Centre for Lifelong Learning (CLL),
Office of the Dean of Students
Alison is the University’s Head of Work-based Learning. Her role is to develop Work-based Learning at the University and to co-ordinate the University’s engagement with the HM Armed Forces to develop new opportunities for Armed Forces personnel and their families. Alison works with Faculties and Central Services in their collaboration with employers and the MoD to develop work-based learning programme models and delivery skills and to ensure that systems and processes meet the needs of work-based learners, Service personnel and their families. She is also involved in the accreditation of employer and Forces’ based training and developing on-line support for the recognition of prior learning.
Alison's research interests are in curricula models for work-based learning and the analysis of the associated learner experience. She writes on cross-university collaboration and communication around work-based learning and the development of networks to share knowledge and experiences.
Alison has been awarded a University Learning and Teaching Fellowship to run for three years from 2014.
Context-engaged models for Work-based Learning: developing models for lifelong learning in Manufacturing Engineering Organisations
The University is working with a Black Country manufacturer to introduce work-based learning for the company’s staff. This project evaluated the staff development that has been introduced and it uses this company as a case study to create a model that could be used in other organisations.
The University introduced learning to retrain key staff involved in component manufacture and leadership and management training for supervisors and managers. The employees are now more aware of potential learning opportunities and impact on their career progression. The company has seen an improvement in its organisational performance.
Findings from the evaluation are being used to identify what works in work-based learning so that improvements can be made to the work carried out with the company as well as develop an approach that can be with a wider range of business organisations.
This report provides an overview of the work undertaken to introduce work-based learning with the company and the evaluation of that learning. Implications for the design of a model that can be used more widely are identified.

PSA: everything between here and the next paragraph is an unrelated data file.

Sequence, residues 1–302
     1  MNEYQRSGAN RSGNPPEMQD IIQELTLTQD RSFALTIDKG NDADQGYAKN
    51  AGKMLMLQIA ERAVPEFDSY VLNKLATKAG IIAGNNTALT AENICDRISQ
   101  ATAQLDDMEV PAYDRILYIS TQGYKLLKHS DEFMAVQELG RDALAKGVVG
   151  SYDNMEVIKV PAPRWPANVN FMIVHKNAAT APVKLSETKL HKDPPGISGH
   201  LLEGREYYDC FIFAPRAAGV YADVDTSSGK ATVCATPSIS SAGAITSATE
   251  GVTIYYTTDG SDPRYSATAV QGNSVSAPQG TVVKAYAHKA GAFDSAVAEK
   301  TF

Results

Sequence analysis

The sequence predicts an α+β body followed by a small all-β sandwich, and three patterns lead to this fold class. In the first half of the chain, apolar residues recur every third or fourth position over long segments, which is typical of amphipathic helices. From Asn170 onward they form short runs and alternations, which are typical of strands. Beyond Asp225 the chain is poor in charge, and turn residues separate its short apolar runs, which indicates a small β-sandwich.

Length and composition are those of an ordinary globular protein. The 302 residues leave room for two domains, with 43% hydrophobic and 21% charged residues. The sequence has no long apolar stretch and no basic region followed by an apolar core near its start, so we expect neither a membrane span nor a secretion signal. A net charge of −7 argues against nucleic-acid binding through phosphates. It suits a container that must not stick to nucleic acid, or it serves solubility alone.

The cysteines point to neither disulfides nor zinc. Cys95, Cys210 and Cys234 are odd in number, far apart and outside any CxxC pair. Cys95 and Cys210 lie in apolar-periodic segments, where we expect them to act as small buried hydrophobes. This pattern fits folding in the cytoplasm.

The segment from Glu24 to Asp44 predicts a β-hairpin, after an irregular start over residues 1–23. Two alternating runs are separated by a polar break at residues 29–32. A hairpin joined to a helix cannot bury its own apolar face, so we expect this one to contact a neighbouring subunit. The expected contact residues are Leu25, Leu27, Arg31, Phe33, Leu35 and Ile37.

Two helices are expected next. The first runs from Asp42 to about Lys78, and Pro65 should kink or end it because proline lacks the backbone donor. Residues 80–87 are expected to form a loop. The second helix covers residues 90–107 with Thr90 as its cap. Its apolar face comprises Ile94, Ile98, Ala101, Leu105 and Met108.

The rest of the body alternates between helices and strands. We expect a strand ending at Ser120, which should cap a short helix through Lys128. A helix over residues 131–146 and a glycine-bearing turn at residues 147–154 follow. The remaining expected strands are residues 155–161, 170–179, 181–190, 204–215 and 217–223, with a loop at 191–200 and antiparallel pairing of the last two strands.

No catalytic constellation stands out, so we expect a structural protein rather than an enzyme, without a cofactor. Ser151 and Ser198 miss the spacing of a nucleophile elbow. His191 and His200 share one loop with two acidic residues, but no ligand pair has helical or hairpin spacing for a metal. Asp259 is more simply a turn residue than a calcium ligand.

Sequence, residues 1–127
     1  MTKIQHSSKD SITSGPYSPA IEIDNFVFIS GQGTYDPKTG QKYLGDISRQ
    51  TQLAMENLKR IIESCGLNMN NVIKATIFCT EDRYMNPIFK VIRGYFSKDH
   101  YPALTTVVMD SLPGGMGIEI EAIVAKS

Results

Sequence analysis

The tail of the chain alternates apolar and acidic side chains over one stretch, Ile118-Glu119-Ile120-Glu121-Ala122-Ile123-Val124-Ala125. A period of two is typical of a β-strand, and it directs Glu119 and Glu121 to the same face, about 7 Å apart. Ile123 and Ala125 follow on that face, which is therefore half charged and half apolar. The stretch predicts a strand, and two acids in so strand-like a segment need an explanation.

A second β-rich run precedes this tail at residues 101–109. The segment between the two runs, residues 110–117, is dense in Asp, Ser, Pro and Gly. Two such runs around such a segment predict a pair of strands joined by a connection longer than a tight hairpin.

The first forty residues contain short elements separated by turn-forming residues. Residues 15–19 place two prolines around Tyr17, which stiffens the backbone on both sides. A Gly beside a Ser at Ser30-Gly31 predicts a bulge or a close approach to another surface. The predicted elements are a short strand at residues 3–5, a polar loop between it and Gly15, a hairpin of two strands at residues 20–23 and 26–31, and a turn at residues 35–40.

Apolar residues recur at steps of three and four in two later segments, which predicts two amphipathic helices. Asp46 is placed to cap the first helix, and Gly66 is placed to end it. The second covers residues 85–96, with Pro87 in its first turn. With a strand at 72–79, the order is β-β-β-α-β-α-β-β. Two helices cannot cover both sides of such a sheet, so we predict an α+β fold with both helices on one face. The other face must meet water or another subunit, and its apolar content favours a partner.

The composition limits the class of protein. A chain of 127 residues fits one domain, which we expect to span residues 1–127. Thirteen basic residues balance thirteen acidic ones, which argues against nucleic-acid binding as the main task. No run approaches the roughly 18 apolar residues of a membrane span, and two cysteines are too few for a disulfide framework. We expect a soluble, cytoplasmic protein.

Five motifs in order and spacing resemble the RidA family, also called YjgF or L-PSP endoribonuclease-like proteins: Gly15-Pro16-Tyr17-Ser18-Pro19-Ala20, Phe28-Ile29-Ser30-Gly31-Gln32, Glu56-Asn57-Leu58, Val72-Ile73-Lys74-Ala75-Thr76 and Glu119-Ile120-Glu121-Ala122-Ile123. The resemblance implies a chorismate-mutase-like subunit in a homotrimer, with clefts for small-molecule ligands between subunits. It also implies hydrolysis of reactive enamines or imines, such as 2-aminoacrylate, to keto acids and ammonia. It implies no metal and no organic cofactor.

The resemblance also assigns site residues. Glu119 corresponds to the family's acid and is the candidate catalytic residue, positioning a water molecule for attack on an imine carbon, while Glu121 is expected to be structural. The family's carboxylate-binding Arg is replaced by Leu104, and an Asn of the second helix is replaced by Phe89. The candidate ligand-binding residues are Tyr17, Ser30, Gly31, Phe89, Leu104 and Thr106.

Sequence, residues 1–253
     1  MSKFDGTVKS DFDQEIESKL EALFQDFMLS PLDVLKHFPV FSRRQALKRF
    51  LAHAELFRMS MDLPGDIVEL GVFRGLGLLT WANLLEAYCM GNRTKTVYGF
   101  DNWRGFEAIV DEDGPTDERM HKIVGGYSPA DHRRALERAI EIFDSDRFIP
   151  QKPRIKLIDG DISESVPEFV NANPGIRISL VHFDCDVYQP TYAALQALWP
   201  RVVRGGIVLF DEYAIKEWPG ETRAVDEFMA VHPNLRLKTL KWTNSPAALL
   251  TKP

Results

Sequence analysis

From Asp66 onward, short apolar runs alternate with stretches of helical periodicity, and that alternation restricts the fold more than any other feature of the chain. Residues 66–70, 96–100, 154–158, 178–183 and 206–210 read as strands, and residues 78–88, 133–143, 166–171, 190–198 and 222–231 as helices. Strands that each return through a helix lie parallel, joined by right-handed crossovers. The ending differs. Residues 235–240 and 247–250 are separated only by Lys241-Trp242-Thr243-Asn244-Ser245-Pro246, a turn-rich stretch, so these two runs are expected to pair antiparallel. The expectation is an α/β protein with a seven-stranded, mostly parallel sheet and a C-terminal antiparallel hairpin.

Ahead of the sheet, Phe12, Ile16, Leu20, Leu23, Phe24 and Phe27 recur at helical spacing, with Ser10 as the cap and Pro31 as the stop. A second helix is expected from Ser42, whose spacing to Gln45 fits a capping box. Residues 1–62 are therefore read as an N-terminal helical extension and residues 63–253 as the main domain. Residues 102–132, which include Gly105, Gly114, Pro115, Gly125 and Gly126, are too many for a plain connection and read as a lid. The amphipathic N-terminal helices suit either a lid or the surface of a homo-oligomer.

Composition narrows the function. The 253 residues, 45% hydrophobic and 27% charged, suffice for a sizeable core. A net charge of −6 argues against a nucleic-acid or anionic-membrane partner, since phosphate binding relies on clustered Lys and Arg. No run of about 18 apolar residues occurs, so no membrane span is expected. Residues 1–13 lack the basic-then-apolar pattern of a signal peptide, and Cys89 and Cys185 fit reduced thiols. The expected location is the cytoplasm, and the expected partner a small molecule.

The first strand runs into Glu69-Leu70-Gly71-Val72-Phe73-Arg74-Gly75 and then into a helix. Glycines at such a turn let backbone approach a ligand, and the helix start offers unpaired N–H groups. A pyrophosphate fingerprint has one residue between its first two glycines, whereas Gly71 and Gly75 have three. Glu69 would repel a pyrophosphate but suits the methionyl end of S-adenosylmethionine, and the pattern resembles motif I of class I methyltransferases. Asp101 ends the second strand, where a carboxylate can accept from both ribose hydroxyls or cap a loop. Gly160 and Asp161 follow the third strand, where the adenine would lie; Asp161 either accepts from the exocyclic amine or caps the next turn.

The University of Wolverhampton (UoW) is committed to: “be The Opportunity University”; it is implementing a range of initiatives to extend existing curricular models to reach a wider potential audience and to increase opportunities for access to Higher Education. This project is centred on a new approach to a model for work-based learning that has been developed in partnership with an employer.
In Spring 2011 UoW set up a three-way partnership with Walsall College of Further Education (WColl) and a local manufacturing company ZF Lemforder (UK) Ltd (ZFL). The aim of the collaboration was to develop a structured, progressive education framework to allow progression from school into Apprenticeships and National Vocational Qualifications (NVQs) through to Higher/Degree Level Apprenticeships at Levels 4 – 7 and other work-based learning qualifications including part-time degrees at undergraduate, masters’ and doctoral levels (Figure 1).
Figure 1. Training Centre Concept Model
A key part of the model has been the development of an in-company training facility which has acted as a catalyst for the up skilling of the workforce with the potential to accredit the training undertaken.
The partnership initially ran for 24 months and the targets set were achieved. As a result of the successes identified the partnership was extended for a further 24 months and is due to be completed in December 2015.
In-company training facility and other staff development
In common with many organisations, ZFL have been involved with a number of training and staff development initiatives over a number of years but a multi-million pound (sterling) investment in new plant in 2012 initiated a strategic review of their current approach to staff development. A graduate with an engineering background was recruited by the University and was located within ZFL to research the training development needs of the organisation; the work of the graduate was supported by academics from the UoW.